Depending on who you talk to, “settling” in a relationship can be a good thing or a bad one. If you’re talking to your other single friends, they tell you to hold out for the best boyfriend and don’t settle for anything less. If you’re talking to my mom, she’ll tell you to keep giving guys a chance well after you’re sure you’re not interested in them. You see it in movies, too. Often romantic comedies have the plot that the stuck-up protagonist just had to let her guard down and accept love from the guy she always overlooked. But is that lesson a good one? Shouldn’t you be excited about your guy right from the start? In my experience, settling is always a bad thing.
No, I’m not talking about “settling” as in dating a guy who’s 5’11” when you normally won’t go below six feet. I’m talking about staying with guys that I wasn’t attracted to just because they liked me, and because there wasn’t anything really wrong with them. I’ve been in several relationships that I settled for, and it was a bummer every time. For the last few years, I’ve sworn off settling and have been so much happier. If this sounds like you right now, learn from my mistakes and check out the reasons why you shouldn’t settle (and why I won’t do it ever again).
- It’s a waste of time. Have you ever been in a long-term relationship and, when it ended, you weren’t all that sad about it? That’s because you were with someone you’d settled for. In my case, I was over that thing (AKA a relationship that lasted almost four years) in only a week. That’s evidence right there that the relationship was a complete waste of time.
- It’s a bummer for him. It can’t feel good to be in such a lopsided relationship. He wants the same love that he’s giving, but he won’t get that from me if I settle for him. And for that, this relationship is just as much a waste of time for him as it is for me.
- It’s a bummer for me. Just like rejection in general, it’s always worst to be the person being dumped or the one that’s being settled for. But it still sucks for the one doing the settling. I constantly felt doubt about my choices and questioned why I was doing this. Unhappiness? Check.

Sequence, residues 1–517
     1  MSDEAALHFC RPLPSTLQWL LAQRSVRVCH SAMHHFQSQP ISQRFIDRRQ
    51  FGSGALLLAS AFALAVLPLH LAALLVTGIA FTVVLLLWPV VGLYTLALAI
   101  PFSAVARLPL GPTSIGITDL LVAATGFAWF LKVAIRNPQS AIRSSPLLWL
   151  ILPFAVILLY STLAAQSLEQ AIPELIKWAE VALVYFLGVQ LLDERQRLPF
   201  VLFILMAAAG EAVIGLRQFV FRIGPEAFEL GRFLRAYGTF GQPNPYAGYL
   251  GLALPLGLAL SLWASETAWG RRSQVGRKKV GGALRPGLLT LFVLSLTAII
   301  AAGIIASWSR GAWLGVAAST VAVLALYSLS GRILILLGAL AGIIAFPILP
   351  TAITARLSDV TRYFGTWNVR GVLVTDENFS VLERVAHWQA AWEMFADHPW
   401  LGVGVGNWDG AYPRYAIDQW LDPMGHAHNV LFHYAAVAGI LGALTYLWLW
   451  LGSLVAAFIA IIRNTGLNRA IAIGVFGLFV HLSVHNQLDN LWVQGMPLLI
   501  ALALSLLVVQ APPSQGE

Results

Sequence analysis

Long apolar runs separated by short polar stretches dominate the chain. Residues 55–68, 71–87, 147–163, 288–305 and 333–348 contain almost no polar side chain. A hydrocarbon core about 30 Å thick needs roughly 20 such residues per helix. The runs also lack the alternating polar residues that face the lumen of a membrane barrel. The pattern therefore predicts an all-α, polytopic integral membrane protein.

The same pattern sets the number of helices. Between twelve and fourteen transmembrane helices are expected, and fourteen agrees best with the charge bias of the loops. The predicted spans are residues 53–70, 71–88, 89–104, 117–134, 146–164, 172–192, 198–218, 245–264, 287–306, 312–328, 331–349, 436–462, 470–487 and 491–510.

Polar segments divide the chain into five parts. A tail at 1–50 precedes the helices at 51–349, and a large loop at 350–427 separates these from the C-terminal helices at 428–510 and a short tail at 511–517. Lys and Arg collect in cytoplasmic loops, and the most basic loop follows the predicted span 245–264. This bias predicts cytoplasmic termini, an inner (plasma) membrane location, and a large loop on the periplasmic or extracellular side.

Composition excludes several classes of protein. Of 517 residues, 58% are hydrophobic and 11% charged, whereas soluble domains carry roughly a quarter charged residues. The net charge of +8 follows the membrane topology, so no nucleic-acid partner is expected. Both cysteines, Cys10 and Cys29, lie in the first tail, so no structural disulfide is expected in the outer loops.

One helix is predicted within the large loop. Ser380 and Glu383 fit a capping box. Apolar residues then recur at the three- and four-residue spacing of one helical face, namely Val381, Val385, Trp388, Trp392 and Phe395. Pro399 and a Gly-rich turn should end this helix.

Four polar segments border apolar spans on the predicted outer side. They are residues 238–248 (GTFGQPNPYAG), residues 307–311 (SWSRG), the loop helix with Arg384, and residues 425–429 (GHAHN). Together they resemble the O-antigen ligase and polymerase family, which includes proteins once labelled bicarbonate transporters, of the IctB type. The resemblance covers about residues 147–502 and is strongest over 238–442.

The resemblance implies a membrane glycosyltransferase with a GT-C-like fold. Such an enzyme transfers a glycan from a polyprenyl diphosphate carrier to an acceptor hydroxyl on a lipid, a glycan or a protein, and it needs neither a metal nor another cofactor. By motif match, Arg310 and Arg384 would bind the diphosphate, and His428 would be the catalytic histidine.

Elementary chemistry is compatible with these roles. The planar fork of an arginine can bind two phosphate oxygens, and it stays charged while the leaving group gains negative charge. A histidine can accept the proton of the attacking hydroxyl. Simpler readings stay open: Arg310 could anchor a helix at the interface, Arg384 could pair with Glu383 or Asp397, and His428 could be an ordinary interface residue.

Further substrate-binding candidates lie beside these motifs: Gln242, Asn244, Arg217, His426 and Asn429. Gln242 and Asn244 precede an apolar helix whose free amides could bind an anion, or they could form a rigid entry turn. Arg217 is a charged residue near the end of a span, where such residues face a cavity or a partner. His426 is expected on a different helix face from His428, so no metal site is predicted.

- Declining a date doesn’t make me a bad person.One of the biggest reasons to settle is fear. And one of those fears is seeming like a bad person. I didn’t want to break anyone’s heart–especially when there wasn’t anything really wrong with any of these guys besides not being attracted to them–so I gave in and stayed well beyond the expiration date. But really, declining a date doesn’t make me (or you) a bad person. Plus, I broke hearts in the end anyway. Might as well do it as soon as possible.
- I’m missing the guys who could have been great. I think about the guys I came across in any relationships I settled for (and there have been more than one) and can’t help but wonder what could have been. Perhaps I’d be married right now and in the best relationship of my life. I blame myself.
- I tried to convince myself that I was happy.Minds are weird and they play tricks on you. When part of me wanted to stop dating a guy because I just wasn’t “feeling it,” another part of me would say, “Well, you could grow to love him.” When I eventually did love him, my mind would say, “who cares if you love him but aren’t in love with him? This is the best you’re gonna do.” Shut up, brain.
- I put up with more than I should have. Settling isn’t just about how you feel about a guy — it’s also about what you’ll put up with. Most women I know who hate being alone will settle for any guy who comes along so there’s no single period. But it turns out when you reach for the closest guy you find, you often end up with a bad one. I found myself ignoring a lot of things that I shouldn’t have, just because I didn’t want to be alone.
- It’s not always about the guy.Before any guys I dated see this and send me nasty texts: It wasn’t usually about you. The guys could have been totally nice and fun, but if I wasn’t feeling it, I wasn’t feeling it. They didn’t do anything wrong–I just wasn’t attracted to them. You can’t force yourself to be attracted to someone no matter how much you have in common.
- It’s better to be single than be in a bad relationship. What has happened since I vowed to avoid settling? I’ve been on some dates. I even had my constitution tested and thankfully avoided the urge to settle. But that also means I’ve been single for a while. Guess what: It isn’t bad. Being single is way better than settling for a mediocre relationship.